Energy professionals, city planners and policymakers have been too caught up in the technology underpinning smart grids and smart cities. Pep Salas Prat, Lecturer at the University of Barcelona and a course director at The Institute of Sustainable Energy by InnoEnergy (iSE), argues that smart infrastructure is only worthwhile if it is built with the needs of people at its heart.
Cities around the world dream of becoming smart cities. But all too often their efforts lack a coherent strategy. A sackful of sensors does not make a city smart. And unless carefully analysed, all the data in the world will not help city planners and power professionals to make better decisions. Rather, they need only collect the right data at the right time to gain the insight with which to innovate.
Unfortunately, that is not what they are doing. The problem is that city planners and energy professionals have fallen in love with smart grid technology. They know that it has huge potential and think that they just need to apply it to achieve their aims.
This approach is back to front. Instead of swooning over the solution, those tasked with designing our smart cities should be focused on winning the hearts of the end users: those who live in the cities and whose problems they hope to solve.
True innovation is about people
Building a smart grid is not true innovation. But building one around people’s lives, to help them to live more comfortably, affordably and sustainably is innovation of the highest order.
That is the real promise of smart grids within smart cities. In an ideal world, citizens’ data would be collected from smart devices and appliances and aggregated across the network in real-time. The grid would then respond to provide power wherever and whenever needed in the most efficient way possible – saving people money and reducing the emissions associated with surplus energy production.
But we are a long way off. From privacy and security concerns to the perception that utilities firms are faceless, impersonal corporations, there are any number of reasons that the public is reluctant to share this data with power providers.
Those responsible for building our smart cities need to take notice and take action to reassure consumers that they understand the data belongs to the user, not the utility. That they will collect, store and share citizens’ data responsibly. And that they will use it to innovate. That means to improve people’s lives.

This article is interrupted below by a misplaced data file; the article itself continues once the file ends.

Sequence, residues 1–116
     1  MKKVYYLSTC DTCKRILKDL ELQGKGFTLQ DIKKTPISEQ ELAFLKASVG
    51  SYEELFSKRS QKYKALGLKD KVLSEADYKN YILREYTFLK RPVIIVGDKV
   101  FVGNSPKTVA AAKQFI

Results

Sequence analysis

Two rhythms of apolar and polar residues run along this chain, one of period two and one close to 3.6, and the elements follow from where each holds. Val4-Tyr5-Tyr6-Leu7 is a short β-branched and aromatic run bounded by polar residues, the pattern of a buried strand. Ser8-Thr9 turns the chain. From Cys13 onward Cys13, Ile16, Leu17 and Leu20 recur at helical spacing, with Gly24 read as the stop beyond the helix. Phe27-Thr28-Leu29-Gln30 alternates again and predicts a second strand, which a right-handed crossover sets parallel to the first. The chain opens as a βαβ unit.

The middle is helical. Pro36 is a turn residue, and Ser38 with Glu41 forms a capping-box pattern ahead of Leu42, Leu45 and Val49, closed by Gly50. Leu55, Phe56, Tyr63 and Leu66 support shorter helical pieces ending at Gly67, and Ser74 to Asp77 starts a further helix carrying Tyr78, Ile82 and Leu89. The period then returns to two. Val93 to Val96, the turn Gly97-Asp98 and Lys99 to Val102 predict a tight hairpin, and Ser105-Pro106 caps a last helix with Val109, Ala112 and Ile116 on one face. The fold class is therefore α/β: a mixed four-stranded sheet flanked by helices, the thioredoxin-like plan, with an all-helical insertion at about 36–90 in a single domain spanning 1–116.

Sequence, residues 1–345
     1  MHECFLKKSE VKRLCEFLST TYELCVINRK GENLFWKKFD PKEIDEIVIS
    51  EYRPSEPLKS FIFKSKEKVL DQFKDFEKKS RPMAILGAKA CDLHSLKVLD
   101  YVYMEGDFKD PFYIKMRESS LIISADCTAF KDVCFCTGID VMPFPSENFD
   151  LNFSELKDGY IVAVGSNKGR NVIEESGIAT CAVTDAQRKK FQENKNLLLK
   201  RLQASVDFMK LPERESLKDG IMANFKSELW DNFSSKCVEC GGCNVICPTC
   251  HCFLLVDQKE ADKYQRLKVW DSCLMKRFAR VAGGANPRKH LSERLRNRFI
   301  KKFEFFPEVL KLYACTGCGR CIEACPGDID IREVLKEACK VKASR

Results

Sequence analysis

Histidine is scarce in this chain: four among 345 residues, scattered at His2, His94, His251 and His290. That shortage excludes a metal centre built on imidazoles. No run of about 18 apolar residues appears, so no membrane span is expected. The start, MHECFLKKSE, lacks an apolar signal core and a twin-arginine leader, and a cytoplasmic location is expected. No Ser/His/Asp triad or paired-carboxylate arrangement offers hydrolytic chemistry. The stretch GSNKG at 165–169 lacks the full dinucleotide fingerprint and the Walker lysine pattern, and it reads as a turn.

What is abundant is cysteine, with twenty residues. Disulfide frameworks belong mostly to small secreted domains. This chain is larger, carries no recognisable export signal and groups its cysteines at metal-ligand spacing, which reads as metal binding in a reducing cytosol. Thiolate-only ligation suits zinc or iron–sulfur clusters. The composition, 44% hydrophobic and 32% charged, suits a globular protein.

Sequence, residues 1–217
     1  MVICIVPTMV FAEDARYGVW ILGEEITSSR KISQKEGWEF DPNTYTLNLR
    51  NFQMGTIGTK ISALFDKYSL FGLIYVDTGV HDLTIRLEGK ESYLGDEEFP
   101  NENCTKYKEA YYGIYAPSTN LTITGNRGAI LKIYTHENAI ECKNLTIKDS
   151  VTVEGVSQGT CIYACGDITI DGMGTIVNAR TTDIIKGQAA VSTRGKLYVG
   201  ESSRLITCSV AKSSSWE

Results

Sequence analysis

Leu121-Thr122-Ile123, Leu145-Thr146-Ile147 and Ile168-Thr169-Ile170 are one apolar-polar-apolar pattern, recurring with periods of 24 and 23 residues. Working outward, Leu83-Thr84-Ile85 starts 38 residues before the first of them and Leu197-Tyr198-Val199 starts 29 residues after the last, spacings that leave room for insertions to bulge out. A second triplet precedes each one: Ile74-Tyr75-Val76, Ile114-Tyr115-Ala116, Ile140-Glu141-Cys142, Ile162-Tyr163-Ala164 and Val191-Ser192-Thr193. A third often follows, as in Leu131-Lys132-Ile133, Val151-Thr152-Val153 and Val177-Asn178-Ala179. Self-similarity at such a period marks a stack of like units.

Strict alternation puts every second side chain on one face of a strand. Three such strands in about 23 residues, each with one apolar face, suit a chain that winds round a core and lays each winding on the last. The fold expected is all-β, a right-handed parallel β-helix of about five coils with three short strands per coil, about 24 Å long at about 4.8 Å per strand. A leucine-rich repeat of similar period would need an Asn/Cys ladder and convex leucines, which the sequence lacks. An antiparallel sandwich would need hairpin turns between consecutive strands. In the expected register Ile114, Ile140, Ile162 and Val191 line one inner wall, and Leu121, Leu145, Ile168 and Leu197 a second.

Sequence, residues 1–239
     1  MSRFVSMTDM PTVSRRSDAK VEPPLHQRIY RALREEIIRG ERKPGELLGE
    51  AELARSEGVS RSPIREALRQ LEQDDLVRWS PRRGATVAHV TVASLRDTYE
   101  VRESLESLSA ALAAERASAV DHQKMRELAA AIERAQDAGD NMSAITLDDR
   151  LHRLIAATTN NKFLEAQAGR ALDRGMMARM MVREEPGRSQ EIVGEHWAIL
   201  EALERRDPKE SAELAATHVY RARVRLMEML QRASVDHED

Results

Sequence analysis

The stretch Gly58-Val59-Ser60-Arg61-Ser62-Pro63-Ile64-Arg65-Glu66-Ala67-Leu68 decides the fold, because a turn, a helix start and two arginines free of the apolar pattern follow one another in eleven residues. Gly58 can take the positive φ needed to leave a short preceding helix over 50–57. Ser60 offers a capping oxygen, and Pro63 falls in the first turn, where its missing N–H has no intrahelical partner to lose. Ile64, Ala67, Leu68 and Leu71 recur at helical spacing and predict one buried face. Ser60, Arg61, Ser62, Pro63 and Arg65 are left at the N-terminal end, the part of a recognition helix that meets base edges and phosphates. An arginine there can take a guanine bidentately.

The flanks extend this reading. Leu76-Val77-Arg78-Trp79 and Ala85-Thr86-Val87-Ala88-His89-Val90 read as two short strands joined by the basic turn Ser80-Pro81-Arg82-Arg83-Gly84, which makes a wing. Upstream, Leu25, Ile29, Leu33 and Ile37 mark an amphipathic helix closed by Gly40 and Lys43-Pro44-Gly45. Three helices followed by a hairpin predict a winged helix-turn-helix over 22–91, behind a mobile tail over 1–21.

Microgrids as neighbourhoods
This means taking into account how people want to organise their lives. One such example is the rise of energy communities, such as in Bristol, UK, of which microgrids are the next logical extension.
As micro-scale renewable solutions become more affordable, we are set to see a great increase in their uptake, with small communities pooling their resources together on microgrids. These will be the neighbourhoods that make up our smart cities.
City planners and power professionals need to think differently to remain relevant to such communities. No longer can they act as all-powerful providers of energy, pumping it in one direction across the grid. They will need to become collaborators, working with communities to enable them to live the lives they wish to lead.
Education enabling empathy
This is asking a lot. And, as is so often the case, education is the answer. As local authorities look to help citizens develop a more flexible infrastructure and utilities pivot to the provision of services, rather than kilowatt-hours, they will need to understand two things: the electricity value chain, going beyond their own role within it, and the needs, desires and behaviours of energy consumers, who they must support in their ambitions.
Working together with iSE by InnoEnergy, I have designed a course, Smart Grids for Smart Cities: Towards Zero Emissions, to provide just such an education. The online programme has been created to empower city planners and power professionals to develop innovative new solutions to the issues that arise as they build our smart cities. Solutions that take into account all elements of the power production, distribution and consumption process – and most critically the role of people within all stages of it.
Because ultimately, it’s only by showing citizens the same love that they do to technology, that those responsible for designing smart cities will be able to keep their most important relationship alive.